Wednesday, January 17, 2018

President Dallin H. Oaks on sustaining leaders and dealing with differences

President Dallin H. Oaks (born August 12, 1932) served as president of BYU from 1971-1980.  He was then appointed as a justice of the Utah Supreme Court, and resigned when he was called to the Quorum of Twelve Apostles in 1984. He became President of the Quorum of Twelve Apostles and also 1st Counselor in the First Presidency in January 2018.
"Our Father in Heaven has not compelled us to think the same way on every subject or procedure. As we seek to accomplish our life’s purposes, we will inevitably have differences with those around us—including some of those we sustain as our leaders. The question is not whether we have such differences, but how we manage them. What the Lord has said on another subject is also true of the management of differences with his leaders: 'It must needs be done in mine own way.' (D&C 104:16.) We should conduct ourselves in such a way that our thoughts and actions do not cause us to lose the companionship of the Spirit of the Lord.
"The first principle in the gospel procedure for managing differences is to keep our personal differences private....
"Why aren’t these differences discussed in public? Public debate—the means of resolving differences in a democratic government—is not appropriate in our Church government. We are all subject to the authority of the called and sustained servants of the Lord. They and we are all governed by the direction of the Spirit of the Lord, and that Spirit only functions in an atmosphere of unity. That is why personal differences about Church doctrine or procedure need to be worked out privately. There is nothing inappropriate about private communications concerning such differences, provided they are carried on in a spirit of love."
- Dallin H. Oaks, "Criticism," talk to an LDSSA fireside on 4 May 1986; see Ensign, February 1987, p. 68-70
Click here to read the full talk

This interesting talk was shared with a group of youth early in President Oaks' service as an apostle. In his various assignments over the years, he had likely been exposed to his fair share of criticism and disagreement, and the advice he offers is very valuable. He provides a very thorough analysis of situations when we might disagree with another, either a peer or a leader, and describes the inappropriate and appropriate ways to do that. He describes principles that apply not just to our response to Church leaders, but also to public figures and government leaders as well.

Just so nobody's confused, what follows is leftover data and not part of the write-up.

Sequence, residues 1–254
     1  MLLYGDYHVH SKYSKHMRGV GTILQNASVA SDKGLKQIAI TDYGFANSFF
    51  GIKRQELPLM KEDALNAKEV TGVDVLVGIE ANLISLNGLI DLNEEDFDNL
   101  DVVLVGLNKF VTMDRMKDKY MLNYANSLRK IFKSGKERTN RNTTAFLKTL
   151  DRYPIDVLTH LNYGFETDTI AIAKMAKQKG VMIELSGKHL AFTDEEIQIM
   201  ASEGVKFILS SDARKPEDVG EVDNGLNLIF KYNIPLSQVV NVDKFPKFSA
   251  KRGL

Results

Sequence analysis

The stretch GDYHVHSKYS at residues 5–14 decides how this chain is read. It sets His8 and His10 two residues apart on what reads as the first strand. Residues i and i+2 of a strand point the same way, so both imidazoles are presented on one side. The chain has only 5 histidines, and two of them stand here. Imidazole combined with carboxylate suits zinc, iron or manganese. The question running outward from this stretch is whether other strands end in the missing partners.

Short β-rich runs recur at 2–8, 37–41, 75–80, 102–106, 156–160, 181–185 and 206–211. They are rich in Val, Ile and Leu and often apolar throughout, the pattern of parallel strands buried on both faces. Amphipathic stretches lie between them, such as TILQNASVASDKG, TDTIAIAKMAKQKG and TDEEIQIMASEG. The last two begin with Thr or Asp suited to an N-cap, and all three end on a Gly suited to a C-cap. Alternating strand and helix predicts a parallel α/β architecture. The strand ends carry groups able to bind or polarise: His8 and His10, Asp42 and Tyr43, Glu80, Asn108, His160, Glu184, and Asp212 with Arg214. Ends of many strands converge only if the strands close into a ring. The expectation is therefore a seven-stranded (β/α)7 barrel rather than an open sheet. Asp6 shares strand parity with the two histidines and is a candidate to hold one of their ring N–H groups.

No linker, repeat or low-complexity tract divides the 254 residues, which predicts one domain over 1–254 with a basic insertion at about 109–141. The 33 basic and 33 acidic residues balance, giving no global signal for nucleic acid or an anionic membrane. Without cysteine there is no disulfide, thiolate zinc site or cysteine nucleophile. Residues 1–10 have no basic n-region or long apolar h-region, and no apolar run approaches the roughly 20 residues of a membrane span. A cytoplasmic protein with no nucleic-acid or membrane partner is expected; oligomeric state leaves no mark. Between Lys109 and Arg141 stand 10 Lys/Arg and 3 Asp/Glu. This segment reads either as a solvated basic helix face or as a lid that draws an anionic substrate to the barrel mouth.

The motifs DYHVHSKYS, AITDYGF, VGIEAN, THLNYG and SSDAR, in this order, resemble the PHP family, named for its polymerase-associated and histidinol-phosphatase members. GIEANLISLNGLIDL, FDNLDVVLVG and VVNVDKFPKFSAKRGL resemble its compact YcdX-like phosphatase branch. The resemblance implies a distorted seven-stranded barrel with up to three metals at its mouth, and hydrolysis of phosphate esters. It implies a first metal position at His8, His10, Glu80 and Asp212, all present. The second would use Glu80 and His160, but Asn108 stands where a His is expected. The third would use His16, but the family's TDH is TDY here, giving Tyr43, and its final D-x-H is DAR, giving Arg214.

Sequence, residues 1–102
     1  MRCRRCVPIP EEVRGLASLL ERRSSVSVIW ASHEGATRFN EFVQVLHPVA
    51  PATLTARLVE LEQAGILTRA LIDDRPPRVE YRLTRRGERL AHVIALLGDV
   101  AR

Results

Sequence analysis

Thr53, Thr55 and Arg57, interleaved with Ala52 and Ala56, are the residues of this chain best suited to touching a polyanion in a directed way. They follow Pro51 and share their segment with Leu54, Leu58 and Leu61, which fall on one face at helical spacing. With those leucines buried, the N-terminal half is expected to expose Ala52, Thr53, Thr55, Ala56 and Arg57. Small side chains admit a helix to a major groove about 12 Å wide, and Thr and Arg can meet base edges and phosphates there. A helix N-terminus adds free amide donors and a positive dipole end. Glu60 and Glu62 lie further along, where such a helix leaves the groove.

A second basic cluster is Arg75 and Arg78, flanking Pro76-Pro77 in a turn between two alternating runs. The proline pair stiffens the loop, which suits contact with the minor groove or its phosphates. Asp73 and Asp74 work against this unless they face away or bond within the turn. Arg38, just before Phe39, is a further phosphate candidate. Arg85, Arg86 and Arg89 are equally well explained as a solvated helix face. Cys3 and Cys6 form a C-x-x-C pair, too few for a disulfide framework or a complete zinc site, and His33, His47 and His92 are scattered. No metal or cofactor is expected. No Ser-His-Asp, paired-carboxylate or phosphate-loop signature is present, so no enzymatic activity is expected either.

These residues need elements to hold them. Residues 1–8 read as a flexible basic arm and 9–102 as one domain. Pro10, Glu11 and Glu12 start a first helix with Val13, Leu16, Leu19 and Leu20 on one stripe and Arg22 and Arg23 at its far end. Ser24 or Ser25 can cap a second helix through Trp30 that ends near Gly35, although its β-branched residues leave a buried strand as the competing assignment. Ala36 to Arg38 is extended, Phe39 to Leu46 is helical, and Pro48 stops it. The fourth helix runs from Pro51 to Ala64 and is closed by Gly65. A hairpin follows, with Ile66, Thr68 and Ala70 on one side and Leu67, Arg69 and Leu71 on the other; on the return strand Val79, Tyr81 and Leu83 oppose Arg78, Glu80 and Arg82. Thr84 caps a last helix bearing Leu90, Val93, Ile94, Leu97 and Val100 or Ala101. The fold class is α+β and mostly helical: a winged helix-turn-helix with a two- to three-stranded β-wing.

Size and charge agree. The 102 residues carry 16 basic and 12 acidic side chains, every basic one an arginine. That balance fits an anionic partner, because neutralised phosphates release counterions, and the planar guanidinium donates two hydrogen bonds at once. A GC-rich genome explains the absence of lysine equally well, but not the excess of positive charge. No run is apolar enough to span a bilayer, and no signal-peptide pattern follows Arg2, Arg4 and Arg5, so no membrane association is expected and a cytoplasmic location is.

This acknowledgement of differences that will occur, as natural and expected events in life, is a good foundation:

Our modern tools of communication make it possible at times to be very public in our criticisms. But Preisdent Oaks suggests how inappropriate that is, and the kind of damage it can do. Instead, he gives five suggestions in his article about the ways we might react when we disagree with a leader or a Church position:

  • Overlook the difference, recognizing that God is in charge and men are not always perfect
  • Delay acting, reserving our judgement, since we may not have all the facts or the individual may be able to clarify or correct
  • Confront the difference privately and directly with the individual
  • Communicate with the individual's presiding authority to discuss the situation
  • Pray for resolution, leaving things in God's hands
President Oaks discusses these points in detail, along with other important aspects of the topic. I think it's a wonderful and valuable talk to review and learn from as we strive to support and sustain one another in our various roles, both in the Church and in society.

(Compilation and commentary by David Kenison, Orem, Utah, 2018)

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